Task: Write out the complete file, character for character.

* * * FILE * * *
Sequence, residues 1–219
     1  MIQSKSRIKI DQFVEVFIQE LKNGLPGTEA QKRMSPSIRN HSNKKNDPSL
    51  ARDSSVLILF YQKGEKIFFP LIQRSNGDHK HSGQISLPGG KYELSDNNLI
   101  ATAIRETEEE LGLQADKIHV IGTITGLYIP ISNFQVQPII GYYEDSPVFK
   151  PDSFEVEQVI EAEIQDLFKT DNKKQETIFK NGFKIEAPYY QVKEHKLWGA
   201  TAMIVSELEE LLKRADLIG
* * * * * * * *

Sequence, residues 1–219
     1  MIQSKSRIKI DQFVEVFIQE LKNGLPGTEA QKRMSPSIRN HSNKKNDPSL
    51  ARDSSVLILF YQKGEKIFFP LIQRSNGDHK HSGQISLPGG KYELSDNNLI
   101  ATAIRETEEE LGLQADKIHV IGTITGLYIP ISNFQVQPII GYYEDSPVFK
   151  PDSFEVEQVI EAEIQDLFKT DNKKQETIFK NGFKIEAPYY QVKEHKLWGA
   201  TAMIVSELEE LLKRADLIG